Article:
TE671 cells expressing both polySTs were then transfected with both intrabody expression plasmids pCMVmycER/αST8SiaVI-IB and pSV40/Zeo/αST8SiaII-IB and stable clones were selected. As control cell line the empty vector pCMV/myc/ER was used as transfectant. All three cell lines were also transfected with the luciferase expression plasmid pVBC3luc2puro (A.Kröger, HZI) for later visualization in vivo. Additionally, an already existing intrabody against NCAM (αNCAM-IB) was applied [42] to compare the effect of the loss of polySia and the loss of NCAM cell surface expression.

Mouse experiments

106 cells in 100 μl PBS of each generated stable anti-polySTs IBs/luciferase or anti-NCAM intrabody/luciferase expressing TE671 cell line were injected intraperitonally (i.p.) into 20 weeks old C57BL/6 J RAG-2 mice lacking B-, T-, NK- and NKT cells. For detection of cells 100 μl D-luciferine potassium salt (33 mg/ml in PBS, Synchem) were injected i.p. and luminescence was measured every week via IVIS 200 and Living Image software (Perkin Elmer). As anaesthetic was used Isofluran. Isofluran was choosen because the depth of anaestesia can be easily regulated. All experiments were done in the laboratories of the Central Animal Facility at the HZI.

Housing was performed under SPF. Cage size: 502 cm2, bedding material: aspen with tissue paper as enrichement. 3 mice pro cage. Mice were sacrificed upon study completion by cervical dislocation.




ER IBs against the polySTs ST8SiaII and –IV: 

αST8SiaII-IB and αST8SiaIV-IB




Neural cell adhesion molecule




Polysialylic acid







Thanks to Martina Mühlenhoff and Rita Gerardy-Schahn for the wonderful and constructive collaboration between HZI and MHH.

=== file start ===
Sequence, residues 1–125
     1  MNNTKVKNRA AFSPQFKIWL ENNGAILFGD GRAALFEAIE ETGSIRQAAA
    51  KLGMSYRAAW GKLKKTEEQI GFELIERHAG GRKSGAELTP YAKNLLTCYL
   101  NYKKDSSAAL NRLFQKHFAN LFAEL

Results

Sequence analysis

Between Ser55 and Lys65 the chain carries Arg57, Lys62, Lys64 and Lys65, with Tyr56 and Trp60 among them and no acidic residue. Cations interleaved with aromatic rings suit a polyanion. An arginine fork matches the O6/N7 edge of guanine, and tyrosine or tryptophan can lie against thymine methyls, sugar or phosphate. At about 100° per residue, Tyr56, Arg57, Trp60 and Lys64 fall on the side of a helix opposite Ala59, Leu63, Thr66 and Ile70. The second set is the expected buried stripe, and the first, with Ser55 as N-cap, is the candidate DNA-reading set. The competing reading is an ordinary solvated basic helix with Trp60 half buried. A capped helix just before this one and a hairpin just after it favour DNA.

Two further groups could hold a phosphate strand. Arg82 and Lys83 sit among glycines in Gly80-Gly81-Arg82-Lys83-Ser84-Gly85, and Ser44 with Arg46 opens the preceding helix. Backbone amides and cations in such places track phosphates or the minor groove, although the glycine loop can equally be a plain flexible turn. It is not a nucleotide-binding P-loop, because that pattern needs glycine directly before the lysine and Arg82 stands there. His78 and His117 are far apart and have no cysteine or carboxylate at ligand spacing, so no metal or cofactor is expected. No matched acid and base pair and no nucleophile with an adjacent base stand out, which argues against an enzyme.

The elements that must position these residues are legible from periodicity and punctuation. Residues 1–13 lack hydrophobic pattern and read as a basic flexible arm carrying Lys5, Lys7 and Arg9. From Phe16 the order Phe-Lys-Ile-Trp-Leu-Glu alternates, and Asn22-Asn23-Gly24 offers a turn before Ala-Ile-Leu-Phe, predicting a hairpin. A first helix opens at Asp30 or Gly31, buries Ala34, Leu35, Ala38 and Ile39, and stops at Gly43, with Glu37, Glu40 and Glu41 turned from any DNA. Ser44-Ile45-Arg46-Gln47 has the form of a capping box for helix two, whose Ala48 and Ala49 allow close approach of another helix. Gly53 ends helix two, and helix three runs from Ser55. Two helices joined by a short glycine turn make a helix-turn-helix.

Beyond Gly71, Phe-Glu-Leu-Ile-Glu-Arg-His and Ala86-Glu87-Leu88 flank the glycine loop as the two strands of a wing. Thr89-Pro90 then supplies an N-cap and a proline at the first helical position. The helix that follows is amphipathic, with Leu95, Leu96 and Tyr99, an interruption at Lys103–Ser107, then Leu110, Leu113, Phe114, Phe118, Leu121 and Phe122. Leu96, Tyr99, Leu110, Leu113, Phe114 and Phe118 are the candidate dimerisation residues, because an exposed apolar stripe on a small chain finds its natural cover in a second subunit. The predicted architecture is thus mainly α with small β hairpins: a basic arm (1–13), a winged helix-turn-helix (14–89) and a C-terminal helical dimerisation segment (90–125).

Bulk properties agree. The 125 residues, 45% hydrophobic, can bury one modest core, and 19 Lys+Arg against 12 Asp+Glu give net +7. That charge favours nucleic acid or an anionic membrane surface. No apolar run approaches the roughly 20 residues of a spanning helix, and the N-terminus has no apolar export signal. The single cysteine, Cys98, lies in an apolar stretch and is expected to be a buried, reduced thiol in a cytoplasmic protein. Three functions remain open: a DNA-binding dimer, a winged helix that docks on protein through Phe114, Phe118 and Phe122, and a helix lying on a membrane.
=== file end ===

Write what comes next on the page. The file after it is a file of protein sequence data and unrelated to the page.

Not applicable.

Availability of data and materials

All data generated or analysed during this study are included in this published article [and its Additional files 1, 2, 3, 4, 5, 6 and 7].

Authors’ contributions

SS did all experiments. MM, RG conceived and designed the project. TBO conceived and designed the project and supervised PHD student SS in the lab. AK did the mouse experiments together with SS. All authors read and approved the final manuscript.

Competing interests

The authors declare that they have no competing interests.

Consent for publication

Not applicable.

Ethics approval and consent to participate

All animal experiments were performed in compliance with the German animal welfare law (TierSchG BGBl. S. 1105; 25.05.1998). The mice were housed and handled in accordance with good animal practice as defined by FELASA. All animal experiments were approved by the Lower Saxony State Office of Consumer Protection and Food Safety under permit number AZ 33.9-42502-04/038/07.

Publisher’s Note

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Open AccessThis article is distributed under the terms of the Creative Commons Attribution 4.0 International License (, which permits unrestricted use, distribution, and reproduction in any medium, provided you give appropriate credit to the original author(s) and the source, provide a link to the Creative Commons license, and indicate if changes were made. The Creative Commons Public Domain Dedication waiver ( applies to the data made available in this article, unless otherwise stated.

Authors’ Affiliations

Helmholtz Centre for Infection Research, Structural and Functional Protein Research
Helmholtz Centre for Infection Research, Group Innate Immunity and Infection
Institute of Cellular Chemistry, Hannover Medical School